Students Collaborate on Sierra Leone Human Rights Report

Clinic students Diana Navas and Jacqueline Zamarripa, meet their advocacy partner, Osman Kargbo of Dignity Association Sierra Leone.

Clinic students Diana Navas and Jacqueline Zamarripa, meet their advocacy partner, Osman Kargbo of Dignity Association Sierra Leone.

Geneva, Switzerland: The International Human Rights Law Clinic participated in the UN Human Rights Committee’s review of Sierra Leone’s commitment to implementing its obligations under the International Covenant for Civil and Political Rights (ICCPR) on March 11th-12th. In preparation for the State’s first review, clinic students Diana Navas and Jacqueline Zamarripa, under the supervision of Practitioner in Residence Shana Tabak, worked with several Sierra Leonean organizations to prepare a collaborative shadow report on the violence and discrimination based on sexual orientation and gender identity in Sierra Leone. The shadow report can be found online here.

While in Geneva, Navas and Zamarripa met one of their Sierra Leonean partners for the very first time.  Together, they participated in an informal meeting with Committee members and also gave a formal oral presentation on the contents of their shadow report.

During the two-day review, the Committee expressed serious concerns about a wide range of issues occurring throughout Sierra Leone. Despite the absence of Sierra Leone’s delegation to properly address each concern, civil society organizations discussed the appalling prison conditions, the widening impunity gap for security officers accused of unlawful killings, the lack of diversity of the Constitutional Review Committee, the failure of the state to abolish the death penalty, and the violence perpetrated against persons on the basis of their actual or perceived sexual orientation and gender identity. The review focused extensively on civil and political rights, and served as an eye opener to the progress Sierra Leone has made as well as the significant challenges that persist in addressing these rights.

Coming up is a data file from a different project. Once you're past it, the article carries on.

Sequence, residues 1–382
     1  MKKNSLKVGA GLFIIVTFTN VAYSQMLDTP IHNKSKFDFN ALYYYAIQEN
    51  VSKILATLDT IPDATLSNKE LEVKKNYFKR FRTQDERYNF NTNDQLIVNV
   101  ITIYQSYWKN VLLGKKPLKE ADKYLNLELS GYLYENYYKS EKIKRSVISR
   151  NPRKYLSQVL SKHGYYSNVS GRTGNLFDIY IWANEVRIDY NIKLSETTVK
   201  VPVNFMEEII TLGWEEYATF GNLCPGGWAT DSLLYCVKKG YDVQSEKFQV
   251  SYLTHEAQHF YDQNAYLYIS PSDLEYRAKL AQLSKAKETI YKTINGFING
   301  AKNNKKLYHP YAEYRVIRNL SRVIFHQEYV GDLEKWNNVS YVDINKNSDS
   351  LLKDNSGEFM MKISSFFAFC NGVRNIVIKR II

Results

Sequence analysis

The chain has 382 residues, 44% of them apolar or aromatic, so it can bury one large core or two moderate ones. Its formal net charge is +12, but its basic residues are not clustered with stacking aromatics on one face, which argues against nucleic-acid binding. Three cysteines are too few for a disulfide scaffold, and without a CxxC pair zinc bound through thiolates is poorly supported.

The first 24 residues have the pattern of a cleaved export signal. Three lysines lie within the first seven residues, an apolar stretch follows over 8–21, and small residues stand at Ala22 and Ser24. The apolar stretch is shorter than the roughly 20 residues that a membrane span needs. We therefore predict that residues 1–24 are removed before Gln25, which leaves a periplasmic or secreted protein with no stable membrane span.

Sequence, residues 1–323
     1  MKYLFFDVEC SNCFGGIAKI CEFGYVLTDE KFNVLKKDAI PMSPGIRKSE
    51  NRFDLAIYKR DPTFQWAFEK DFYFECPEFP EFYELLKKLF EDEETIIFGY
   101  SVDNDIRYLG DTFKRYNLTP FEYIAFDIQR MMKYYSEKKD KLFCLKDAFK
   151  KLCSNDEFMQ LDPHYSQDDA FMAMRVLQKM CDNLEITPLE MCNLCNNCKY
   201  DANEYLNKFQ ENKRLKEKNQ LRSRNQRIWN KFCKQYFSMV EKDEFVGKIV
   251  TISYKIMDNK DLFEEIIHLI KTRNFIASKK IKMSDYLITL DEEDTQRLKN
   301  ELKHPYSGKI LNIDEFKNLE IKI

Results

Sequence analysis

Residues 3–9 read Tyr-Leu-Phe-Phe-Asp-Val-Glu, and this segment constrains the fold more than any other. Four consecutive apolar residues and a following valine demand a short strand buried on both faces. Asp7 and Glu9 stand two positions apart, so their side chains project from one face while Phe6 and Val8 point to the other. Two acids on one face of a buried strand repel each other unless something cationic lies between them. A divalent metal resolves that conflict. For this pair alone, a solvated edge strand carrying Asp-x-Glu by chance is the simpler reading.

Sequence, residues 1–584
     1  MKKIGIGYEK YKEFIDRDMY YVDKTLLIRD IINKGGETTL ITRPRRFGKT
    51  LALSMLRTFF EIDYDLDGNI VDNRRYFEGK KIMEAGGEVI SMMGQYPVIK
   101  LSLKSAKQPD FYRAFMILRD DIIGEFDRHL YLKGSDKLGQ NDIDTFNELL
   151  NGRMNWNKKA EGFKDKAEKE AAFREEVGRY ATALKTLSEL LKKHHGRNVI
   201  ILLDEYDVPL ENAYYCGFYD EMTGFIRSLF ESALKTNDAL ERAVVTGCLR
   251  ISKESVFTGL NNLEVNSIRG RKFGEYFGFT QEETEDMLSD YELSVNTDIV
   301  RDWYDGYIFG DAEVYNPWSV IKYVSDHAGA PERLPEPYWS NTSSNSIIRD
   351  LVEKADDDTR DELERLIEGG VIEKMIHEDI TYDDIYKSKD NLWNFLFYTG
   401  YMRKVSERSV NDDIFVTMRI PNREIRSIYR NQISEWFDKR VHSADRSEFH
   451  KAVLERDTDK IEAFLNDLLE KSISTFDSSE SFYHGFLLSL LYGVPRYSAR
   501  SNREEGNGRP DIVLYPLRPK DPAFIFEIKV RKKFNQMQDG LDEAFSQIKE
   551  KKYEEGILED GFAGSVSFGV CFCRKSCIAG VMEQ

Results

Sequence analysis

Members of the Sierra Leone civil society group with International Human Rights Law Clinic supervisor, Shana Tabak.

Members of the Sierra Leone civil society group with International Human Rights Law Clinic supervisor, Shana Tabak.

Group picture of the Sierra Leone NGO group, including Osman Kargbo of Dignity Association,  Mambu Feika of Prison Watch Sierra Leone, Ibrahim Tommy of the Centre for Accountability and Rule of Law, Valerie Tucker of IPAS and clinic students, Diana Navas and Jacqueline Zamarripa from the International Human Rights Law Clinic.

Group picture of the Sierra Leone NGO group, including Osman Kargbo of Dignity Association, Mambu Feika of Prison Watch Sierra Leone, Ibrahim Tommy of the Centre for Accountability and Rule of Law, Valerie Tucker of IPAS and clinic students, Diana Navas and Jacqueline Zamarripa from the International Human Rights Law Clinic.

Text and pictures courtesy of Diana Navas and Jacqueline Zamarripa.

Clinic Students File Amicus Brief on Behalf of Leading Consumer Groups in Supreme Court Aereo Case

Originally posted on WCL Glushko-Samuelson IP Clinic: